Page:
Peter FitzSimons: The Gorilla in the Room

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Peter FitzSimons
Peter FitzSimons

A little while ago Peter FitzSimons, rugby player, Republican and fashion icon, responded to a heavily muscled, thirty-three year old multi-millionaire publicly bullying and shaming a thirteen year old girl from an economically-deprived rural background, with the stunning nuance and sensitivity that has become almost as much his trademark as his faux-piratical scarlet scarf.

His exact words:

“If calling a black man a gorilla and an ape is not racial abuse, what the hell does it take?”

As the loyal readers of XYZ and of lesser writers such as Tim Blair and Andrew Bolt would know, poor Peter’s words have rebounded a little.

In a moment of absent-mindedness, the former Wallaby described a dusky fellow working for the South African cricket team in the same uncomplimentary, simian-related fashion that he so recently decried.

Many seem to be finding much hilarity in the fact that such a sanctimonious ponce and overrated purveyor of poor quality prose has been so skilfully caught in his own snare.

In fact, if he possessed any decency at all, you would expect FitzSimons’ face to now be as red as his headgear. The esteemed XYZ contributor Eh!nonymous expressed his satisfaction at the thought of the storm of excrement surely about to descend on such a well deserved target:

“This could well ruin our bandana-wearing paragon of virtue signalling. Normally I abhor the practice of someone having their life destroyed over an innocent throwaway comment, but FitzSimons has moralised for so long and so irritatingly about this sort of thing that it is going to be kind of amusing to watch the snake eat its own tail…. by the (admittedly sketchy) rules FitzSimons has so carefully laid out, guess what? He’s very much a racist without a doubt, and will soon learn that his piranha-like ideological comrades are fair-weather friends until they smell a drop of blood in the water.”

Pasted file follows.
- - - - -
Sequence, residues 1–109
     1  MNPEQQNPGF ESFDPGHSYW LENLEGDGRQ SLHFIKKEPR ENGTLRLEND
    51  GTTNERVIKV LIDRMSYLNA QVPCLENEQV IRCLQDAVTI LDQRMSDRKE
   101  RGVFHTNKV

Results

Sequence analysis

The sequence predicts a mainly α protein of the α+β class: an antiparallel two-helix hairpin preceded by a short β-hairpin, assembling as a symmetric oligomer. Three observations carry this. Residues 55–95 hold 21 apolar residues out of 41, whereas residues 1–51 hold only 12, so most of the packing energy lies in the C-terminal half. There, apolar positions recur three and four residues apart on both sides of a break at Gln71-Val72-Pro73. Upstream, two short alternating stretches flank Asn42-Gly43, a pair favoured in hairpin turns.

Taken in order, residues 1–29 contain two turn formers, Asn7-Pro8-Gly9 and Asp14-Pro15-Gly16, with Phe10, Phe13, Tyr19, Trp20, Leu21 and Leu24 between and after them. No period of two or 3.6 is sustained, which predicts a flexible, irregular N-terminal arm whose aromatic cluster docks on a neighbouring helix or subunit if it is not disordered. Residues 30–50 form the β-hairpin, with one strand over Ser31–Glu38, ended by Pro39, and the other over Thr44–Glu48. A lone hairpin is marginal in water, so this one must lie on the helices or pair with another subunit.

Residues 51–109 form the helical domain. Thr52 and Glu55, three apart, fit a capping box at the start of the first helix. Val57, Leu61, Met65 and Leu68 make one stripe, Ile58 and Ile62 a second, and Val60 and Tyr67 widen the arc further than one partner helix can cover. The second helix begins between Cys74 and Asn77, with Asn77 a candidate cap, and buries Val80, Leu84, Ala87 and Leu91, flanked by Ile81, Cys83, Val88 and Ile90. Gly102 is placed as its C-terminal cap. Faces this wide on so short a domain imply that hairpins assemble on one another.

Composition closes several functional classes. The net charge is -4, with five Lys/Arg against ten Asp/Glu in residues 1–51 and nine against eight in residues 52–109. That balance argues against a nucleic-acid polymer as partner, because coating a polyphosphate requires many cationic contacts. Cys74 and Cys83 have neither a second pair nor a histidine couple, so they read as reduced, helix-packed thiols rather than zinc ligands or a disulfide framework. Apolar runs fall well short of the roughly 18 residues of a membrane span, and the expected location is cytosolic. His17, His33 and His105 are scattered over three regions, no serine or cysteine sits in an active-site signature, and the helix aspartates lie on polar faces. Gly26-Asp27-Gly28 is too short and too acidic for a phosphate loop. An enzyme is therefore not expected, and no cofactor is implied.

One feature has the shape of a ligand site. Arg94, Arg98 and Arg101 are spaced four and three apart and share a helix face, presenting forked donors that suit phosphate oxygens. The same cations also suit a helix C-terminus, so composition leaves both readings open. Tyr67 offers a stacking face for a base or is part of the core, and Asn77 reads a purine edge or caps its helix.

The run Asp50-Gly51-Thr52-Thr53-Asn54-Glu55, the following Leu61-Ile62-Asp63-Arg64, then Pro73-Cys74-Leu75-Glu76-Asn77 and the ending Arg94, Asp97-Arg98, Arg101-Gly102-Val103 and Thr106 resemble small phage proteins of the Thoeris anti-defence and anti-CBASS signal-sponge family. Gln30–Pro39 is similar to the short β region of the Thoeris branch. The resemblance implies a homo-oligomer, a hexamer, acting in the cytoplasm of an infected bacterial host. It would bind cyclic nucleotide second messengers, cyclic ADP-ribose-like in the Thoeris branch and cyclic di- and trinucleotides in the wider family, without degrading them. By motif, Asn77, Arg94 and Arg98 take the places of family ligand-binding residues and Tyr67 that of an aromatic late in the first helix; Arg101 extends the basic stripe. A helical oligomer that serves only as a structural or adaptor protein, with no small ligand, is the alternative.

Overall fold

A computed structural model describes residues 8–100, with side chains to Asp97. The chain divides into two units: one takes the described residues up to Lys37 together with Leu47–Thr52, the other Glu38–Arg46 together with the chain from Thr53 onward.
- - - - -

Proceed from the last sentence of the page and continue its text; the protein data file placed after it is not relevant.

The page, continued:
I’m afraid I must disagree.

Not only has FitzSimons’ visage failed to redden into the slightest semblance a blush, but the bluff buffoon seems genuinely bemused at the very idea that anyone could have taken his words as anything but harmless.

And this is the part that changes this story from one about a not-too-bright oaf inducing chuckles to one that does, and should, induce righteous rage.

FitzSimons is behaving as if he has nothing to fear, because he doesn’t. Unless you read conservative blogs or regularly check for updates on XYZ, there is very little chance you heard about this incident at all.

The only reference the average person would have received about this monumental hypocrisy was if they had the misfortune to read to the very end of Peters’ column in the Sydney Morning Herald on Friday.

In it, Peter the pirate seems genuinely surprised that anyone could find issue with his statements, and notes how pleased he is that not even the usually ravenous-for-virtue-signalling leftist beasts on Twitter made a peep.